In terms of pure, individual talent, make no mistake, no one in the NBA has more of it than LeBron James. True, Kevin Durant is the MVP of the Finals but don’t think for a minute he’s better than LBJ. Someday, maybe, but as far as an all-around player, the edge has got to go to James. Both are premier scorers (I mean one just put up 39, the other 41), excellent ballhandlers (James a slight nod in that area) and good defenders (Bron better on the ball and chasing down shots, KD a superior help-side shot blocker). Granted, KD is a far superior free throw shooter but where LeBron excels is in the skill of seeing the floor and passing. LeBron averaged a triple-double for the series for crying out loud. Durant supporters might say their guy didn’t have to. However, for those who say Durant was on the winning side while James lost, what do you think the results would have been had the two of them switched sides?

From a coaching standpoint, it was a battle of one guy who won a championship in his first year as head coach against another who did the same. In last night’s game, Ty Lue was criticized for not calling a time out when the Warriors started running out, as was Steve Kerr when the Cavs cut the Warriors lead in the second half. Think about it, seldom was there talk of “Coach should’ve …” which can only mean each made a heckuva lot more right moves than wrong ones.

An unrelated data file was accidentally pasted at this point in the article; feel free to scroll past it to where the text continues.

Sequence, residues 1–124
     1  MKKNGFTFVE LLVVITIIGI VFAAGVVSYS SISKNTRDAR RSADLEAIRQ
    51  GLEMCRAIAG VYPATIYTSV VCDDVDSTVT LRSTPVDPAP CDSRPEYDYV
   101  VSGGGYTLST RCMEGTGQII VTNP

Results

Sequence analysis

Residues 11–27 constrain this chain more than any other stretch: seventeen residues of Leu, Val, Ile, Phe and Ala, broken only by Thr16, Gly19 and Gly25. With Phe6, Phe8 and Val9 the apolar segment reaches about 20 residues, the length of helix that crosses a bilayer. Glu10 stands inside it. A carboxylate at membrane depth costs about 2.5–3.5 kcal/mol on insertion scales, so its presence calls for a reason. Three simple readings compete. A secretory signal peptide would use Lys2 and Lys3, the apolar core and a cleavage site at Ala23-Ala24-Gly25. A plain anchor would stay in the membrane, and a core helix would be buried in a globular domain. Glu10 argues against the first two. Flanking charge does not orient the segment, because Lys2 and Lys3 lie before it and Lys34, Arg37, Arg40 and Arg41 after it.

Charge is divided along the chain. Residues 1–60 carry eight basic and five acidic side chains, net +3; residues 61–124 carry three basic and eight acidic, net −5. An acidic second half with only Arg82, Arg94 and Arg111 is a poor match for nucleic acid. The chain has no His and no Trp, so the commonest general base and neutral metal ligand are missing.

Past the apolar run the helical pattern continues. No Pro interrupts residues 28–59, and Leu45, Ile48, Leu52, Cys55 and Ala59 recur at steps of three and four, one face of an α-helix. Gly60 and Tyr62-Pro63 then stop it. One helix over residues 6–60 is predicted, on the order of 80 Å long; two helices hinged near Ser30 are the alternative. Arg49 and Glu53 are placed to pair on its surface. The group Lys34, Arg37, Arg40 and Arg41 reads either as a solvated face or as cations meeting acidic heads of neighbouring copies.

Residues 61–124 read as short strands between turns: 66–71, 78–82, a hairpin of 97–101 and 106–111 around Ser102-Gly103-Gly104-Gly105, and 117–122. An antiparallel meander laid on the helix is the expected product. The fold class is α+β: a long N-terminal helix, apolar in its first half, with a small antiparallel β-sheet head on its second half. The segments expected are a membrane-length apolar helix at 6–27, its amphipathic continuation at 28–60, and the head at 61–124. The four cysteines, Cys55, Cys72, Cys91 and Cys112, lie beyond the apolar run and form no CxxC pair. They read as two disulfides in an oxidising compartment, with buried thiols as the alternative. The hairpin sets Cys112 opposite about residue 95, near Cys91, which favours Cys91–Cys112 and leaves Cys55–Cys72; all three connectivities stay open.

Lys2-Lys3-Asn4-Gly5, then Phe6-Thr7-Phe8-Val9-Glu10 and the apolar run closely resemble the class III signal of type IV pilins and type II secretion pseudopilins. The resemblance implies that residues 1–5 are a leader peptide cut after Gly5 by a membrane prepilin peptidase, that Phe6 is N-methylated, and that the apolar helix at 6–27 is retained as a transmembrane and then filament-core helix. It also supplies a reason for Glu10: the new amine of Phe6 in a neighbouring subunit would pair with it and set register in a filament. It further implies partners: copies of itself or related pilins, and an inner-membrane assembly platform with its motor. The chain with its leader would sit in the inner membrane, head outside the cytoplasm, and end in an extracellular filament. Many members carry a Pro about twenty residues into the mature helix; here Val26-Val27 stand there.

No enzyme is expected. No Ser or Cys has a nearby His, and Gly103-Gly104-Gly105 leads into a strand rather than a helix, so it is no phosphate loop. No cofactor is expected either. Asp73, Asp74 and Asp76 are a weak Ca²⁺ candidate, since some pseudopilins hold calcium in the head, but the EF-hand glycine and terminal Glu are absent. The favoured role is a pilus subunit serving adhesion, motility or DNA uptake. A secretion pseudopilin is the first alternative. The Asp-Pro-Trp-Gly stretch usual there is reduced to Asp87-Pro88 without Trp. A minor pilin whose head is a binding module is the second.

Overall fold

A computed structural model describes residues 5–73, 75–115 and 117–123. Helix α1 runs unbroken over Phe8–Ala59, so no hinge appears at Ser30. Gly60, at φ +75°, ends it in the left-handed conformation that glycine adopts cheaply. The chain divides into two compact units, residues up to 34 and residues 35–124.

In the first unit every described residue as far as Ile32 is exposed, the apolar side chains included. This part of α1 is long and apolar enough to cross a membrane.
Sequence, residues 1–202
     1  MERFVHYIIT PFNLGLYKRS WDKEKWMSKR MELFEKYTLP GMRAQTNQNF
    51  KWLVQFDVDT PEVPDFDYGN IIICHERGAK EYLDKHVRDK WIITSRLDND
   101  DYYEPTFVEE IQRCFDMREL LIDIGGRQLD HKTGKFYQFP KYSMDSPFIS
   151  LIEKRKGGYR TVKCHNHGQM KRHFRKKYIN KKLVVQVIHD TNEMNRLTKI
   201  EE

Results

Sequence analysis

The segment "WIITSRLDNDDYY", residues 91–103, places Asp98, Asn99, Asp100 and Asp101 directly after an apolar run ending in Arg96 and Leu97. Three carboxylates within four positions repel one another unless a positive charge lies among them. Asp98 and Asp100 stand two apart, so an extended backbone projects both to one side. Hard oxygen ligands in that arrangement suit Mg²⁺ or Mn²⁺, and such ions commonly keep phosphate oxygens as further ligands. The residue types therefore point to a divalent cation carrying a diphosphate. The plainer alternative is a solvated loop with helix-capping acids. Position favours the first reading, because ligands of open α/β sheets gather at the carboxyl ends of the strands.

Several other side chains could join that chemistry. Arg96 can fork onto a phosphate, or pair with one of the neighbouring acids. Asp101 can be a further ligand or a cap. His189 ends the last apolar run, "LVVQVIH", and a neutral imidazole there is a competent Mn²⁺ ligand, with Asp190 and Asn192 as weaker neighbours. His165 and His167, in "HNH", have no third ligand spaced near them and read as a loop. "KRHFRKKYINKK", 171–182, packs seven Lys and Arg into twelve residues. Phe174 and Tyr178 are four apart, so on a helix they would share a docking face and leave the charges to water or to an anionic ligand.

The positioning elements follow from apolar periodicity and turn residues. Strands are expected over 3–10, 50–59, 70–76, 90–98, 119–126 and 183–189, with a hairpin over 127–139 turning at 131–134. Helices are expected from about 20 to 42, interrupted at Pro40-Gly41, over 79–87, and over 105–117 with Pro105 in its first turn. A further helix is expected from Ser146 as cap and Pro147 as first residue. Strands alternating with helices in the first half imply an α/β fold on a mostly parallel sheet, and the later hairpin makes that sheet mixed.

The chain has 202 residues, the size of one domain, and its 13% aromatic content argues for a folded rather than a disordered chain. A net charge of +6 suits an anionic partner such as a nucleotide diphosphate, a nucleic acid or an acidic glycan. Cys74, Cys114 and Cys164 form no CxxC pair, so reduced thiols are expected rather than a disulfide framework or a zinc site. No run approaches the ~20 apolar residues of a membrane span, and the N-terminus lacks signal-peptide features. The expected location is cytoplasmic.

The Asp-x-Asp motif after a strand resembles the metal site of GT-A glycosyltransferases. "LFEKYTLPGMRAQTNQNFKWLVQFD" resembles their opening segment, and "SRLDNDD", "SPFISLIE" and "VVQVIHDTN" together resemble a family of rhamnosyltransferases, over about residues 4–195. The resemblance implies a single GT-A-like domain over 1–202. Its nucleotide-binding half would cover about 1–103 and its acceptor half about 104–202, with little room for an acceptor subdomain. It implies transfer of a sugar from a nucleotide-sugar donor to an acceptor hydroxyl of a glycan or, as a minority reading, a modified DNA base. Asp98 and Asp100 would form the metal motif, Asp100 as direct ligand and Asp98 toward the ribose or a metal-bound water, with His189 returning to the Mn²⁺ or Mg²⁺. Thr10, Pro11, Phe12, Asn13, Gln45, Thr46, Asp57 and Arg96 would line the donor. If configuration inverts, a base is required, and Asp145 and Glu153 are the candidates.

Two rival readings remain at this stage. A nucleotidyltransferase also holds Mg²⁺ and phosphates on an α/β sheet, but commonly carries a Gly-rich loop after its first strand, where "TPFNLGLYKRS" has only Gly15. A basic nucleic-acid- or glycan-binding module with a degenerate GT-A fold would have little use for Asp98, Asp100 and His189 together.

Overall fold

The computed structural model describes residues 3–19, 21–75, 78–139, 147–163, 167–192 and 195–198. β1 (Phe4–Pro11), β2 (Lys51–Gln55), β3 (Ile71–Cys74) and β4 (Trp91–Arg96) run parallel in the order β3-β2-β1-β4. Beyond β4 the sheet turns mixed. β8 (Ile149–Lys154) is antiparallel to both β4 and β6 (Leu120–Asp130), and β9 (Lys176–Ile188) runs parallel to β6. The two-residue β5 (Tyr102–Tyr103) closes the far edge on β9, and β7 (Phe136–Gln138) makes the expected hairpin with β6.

This series was won last July 4th when Durant announced he was joining the Warriors. He was soundly criticized by many talking heads, some calling him a coward (if you were to ask any of those clowns now, they would say something like they didn’t call him a coward, just that his move was cowardly – but who makes cowardly moves other than cowards)? Many of those characters never won anything in their lives so, while they claim they never would have made his move, they never would have been asked to!